2. "Microscope" (as a noun) in its earliest uses in English, in the OED:
1648 Bp. J. Wilkins Math. Magick i. xvi. 115 We see what strange discoveries of extream minute bodies, (as lice, wheal-worms, mites, and the like) are made by the Microscope, wherein their severall parts (which are altogether invisible to the bare eye) will distinctly appear.
1651 N. Highmore Hist. Generation viii. 70 The white circle..by a Microscope appears now to be the Carina or back and neck of the Chick.
3. "Telescope" (as a noun) in its earliest uses in English, in the OED:
[1619 J. Bainbridge Astron. Descr. Late Comet 19 For the more perspicuous distinction whereof I vsed the Telescopium or Trunke-spectacle.]
1648 R. Boyle Seraphic Love (1663) xi. 59 Galileo's optick Glasses,..one of which Telescopioes, that I remember I saw at Florence.
As soon as I saw this pamphlet--and its cover--I thought that it was one of those perfect statements for a particular year:
The pamphlet is a program for an international expo in Brussels: Bulletin Officiel de l'Exposition Universelle et Internationale de Bruxelles, and it is very heavily laden with trains and signals and track and such, all the properties of powerful movement and promise, gigantic power in a directed environment. And beautiful.
This brochure for the Computer Control Corporation Inc (of Berry Drive, Los Angeles) has that peculiar background feel similar to 1950's baseball cards--detail of the subject, while the rest of the platform is a sharp, no-nuance solid color. On the other hand I have no doubt that work was getting done in this place. For all of its simplicity, and for all that they were doing, this is a miniature and quiet monument to People Thinking.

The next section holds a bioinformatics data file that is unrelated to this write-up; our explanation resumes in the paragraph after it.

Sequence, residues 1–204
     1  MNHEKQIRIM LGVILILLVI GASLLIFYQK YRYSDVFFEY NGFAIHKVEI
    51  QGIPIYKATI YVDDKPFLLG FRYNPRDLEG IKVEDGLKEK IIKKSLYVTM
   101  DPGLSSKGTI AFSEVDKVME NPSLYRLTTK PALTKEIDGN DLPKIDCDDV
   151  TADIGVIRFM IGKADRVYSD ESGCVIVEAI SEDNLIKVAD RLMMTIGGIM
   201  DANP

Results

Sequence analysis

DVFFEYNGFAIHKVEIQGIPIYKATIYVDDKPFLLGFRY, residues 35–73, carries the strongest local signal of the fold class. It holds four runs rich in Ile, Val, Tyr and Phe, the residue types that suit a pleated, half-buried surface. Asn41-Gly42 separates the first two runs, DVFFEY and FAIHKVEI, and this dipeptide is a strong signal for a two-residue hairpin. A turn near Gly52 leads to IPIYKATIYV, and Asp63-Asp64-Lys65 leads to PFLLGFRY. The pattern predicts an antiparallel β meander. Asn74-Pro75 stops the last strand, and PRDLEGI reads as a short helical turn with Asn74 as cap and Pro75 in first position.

Anthropologist Jesse Fewkes (1850-1930) was the first to use the Edison phonograph for recording legends, songs, stories, rituals and so on of North American Indians, making him a pioneer in field recording. Work like his was essential to the preservation of vanishing ways and stories and languages and music, and provided inspiration to people like Frances Densmore, John Lomax and Herbert Halpert.
This came up just now looking for a paper by Lord Rayleigh in the journal Nature, and to my surprise bumped into this short note by Fewkes in that issue for April 17, 1890 (volume 41, # 1068). This was undoubtedly the first notice of his field work reported outside of the United States. Music in the Social and Behavioral Sciences: An Encyclopedia (edited by William Forde Thompson) establishes Fewkes as making the very first field recordings of any kind (page XXX, chronology).
Recording sample via the Library of Congress, here.
( "Mr. Phonograph." (1:11) Text in A National Project with Many Workers. Jesse Walter Fewkes talking to the new Edison cylinder recording machine in order to demonstrate its capabilities to a visiting Passamaquoddy man. Probably recorded in Boston, late 1890-early 1891. Jesse Walter Fewkes Passamaquoddy Cylinder Collection.)